Watch collecting is a funny pursuit, in that enthusiasts are both always in search of that next great thing and healthily skeptical of anything that they haven't seen before. When a watch is discovered that is unique, unusual, and properly documented, it's a perfect storm, and that's what we have here for you today. Phillips has announced that as part of its Geneva Watch Auction: Nine, taking place May 11, 2019, it will offer up a Vacheron Constantin minute repeater with retrograde calendar that, until recently, only existed in a single black-and-white photograph.
So here's the short version of the backstory. If you flip through the 1992 tome L’Univers Vacheron Constantin Genève by Carole Lambelet and Lorette Coen, you'll eventually stumble upon a lone photo of a tonneau-shaped minute repeater with retrograde calendar marked "ref. 3620." It's arranged in a grid with countless other pocket watches and wristwatches of all kinds, and you'd be forgiven for turning the page and not even noticing it. But for die-hard collectors, this unusual piece, dating to the 1930s, became a white whale. Repeating wristwatches from that era are already rare, but the combination of the tonneau case, crown at 12 o'clock, Brooking Madrid signature, retrograde calendar and day-of-the-week indicator, and repeater slide on the right side of the case, not to mention the fact that it came from Vacheron Constantin, made it almost impossible to believe. And for the last 27 years, this lone photo was basically all anyone knew about this watch. Many assumed it was lost.
But, luckily for us, the watch surfaced last year and Phillips is now going to be offering it for sale in May. Upon discovering the watch, Phillips Watches boss Aurel Bacs was delighted to see that the case hand't been polished and that the dial was totally unrestored. He made the decision to get Vacheron Constantin involved in a few different ways, including plumbing their archive for information on the watch, creating a new, but historically accurate dial for the watch, and getting the movement back in working order. It turns out the watch was delivered with both a non-luminous dial and the radium-laden dial you see here, hence the discrepancy between the black-and-white photo and the watch as it presents today.*
The watch was a custom order by a client named Francisco Martinez Llano, and he wanted both options (as well as his monogram on the watch's caseback). Llano's nickname was apparently Don Pancho, which is extremely convenient for nickname-loving watch collectors and dealers. Who wouldn't want to own "the Don Pancho repeater?" Whoever buys the watch in a few months will have the choice to keep the original dial on the watch or to have the new dial mounted. Either way, he or she gets both, so nothing original will be lost.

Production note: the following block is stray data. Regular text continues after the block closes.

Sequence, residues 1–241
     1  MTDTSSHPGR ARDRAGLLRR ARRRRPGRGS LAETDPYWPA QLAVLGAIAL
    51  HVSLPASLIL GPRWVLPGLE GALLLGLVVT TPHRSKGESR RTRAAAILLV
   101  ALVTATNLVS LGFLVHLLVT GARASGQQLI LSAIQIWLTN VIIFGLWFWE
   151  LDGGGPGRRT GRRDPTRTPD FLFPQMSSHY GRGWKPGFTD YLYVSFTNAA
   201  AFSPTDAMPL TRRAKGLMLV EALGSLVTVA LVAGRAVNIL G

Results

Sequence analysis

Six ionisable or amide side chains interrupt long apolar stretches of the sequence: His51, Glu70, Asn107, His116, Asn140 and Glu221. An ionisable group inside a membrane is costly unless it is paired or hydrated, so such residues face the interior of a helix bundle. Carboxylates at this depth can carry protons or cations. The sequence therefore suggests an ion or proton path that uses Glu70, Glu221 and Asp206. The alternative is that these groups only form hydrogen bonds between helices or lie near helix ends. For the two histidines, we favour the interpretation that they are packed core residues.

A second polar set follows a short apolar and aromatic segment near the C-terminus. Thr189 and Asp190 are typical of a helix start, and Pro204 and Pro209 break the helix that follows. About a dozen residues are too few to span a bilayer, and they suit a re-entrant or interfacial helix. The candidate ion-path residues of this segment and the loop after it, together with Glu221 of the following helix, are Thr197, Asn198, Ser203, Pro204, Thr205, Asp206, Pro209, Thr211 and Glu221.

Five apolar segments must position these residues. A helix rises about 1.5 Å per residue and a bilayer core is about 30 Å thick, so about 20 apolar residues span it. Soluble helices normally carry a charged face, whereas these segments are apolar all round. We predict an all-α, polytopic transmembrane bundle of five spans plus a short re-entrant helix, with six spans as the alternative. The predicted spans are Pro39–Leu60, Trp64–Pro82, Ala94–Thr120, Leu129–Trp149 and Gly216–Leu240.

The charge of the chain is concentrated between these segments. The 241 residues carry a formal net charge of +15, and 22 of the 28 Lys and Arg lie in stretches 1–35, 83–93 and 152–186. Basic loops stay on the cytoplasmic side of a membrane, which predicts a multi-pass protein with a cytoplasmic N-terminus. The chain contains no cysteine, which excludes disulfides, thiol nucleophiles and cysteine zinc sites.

Llano started corresponding with Vacheron Constantin via Madrid retailer Brooking in 1935, and after much back-and-forth the watch was delivered in January 1940. He would go on to wear it for seven years until he died in 1947. It represented a substantial investment, having cost CHF 3,750, which would come out to around $1.2 million were he to buy the same watch today. Since his passing, the watch sat in the family vault for nearly three-quarters of a century. The vault was not sealed against humidity and temperature changes, hence the heavy aging to the dial, and when Phillips and Vacheron Constantin got their hands on it, the incredible movement needed to be fully restored back to working order.*
If you want to get the full story of this watch, how it was restored, and*why it matters so much to the collector community, I recommend you take a look at this video produced by Phillips. You'll see some familiar faces, including Aurel Bacs, John Goldberger, and even Philippe Dufour.

So yeah, as far as vintage watches go, this is about as good as it gets. We've got a watch only known to the public via one lone photograph finally surface, and it's both in unrestored condition and in the hands of the original owner's family. The chances of that happening are very slim, to say the least. That Phillips and Vacheron Constantin were able to work together with the owner's family to fill in the historical record and properly restore the watch without damaging any of the original components makes this something truly special. I would imagine that interest in this watch will be huge come auction time, though considering the uniqueness it's hard to say exactly where I think the hammer will fall. I guess we'll just have to wait and see.
The Phillips Geneva Watch Auction: Nine will be held in Geneva on Saturday, May 11, 2019. The catalog is not yet published, nor has Phillips released an estimate yet for this watch, but we'll be sure to update this story when they do. For now, you can learn more by visiting Phillips Watches online.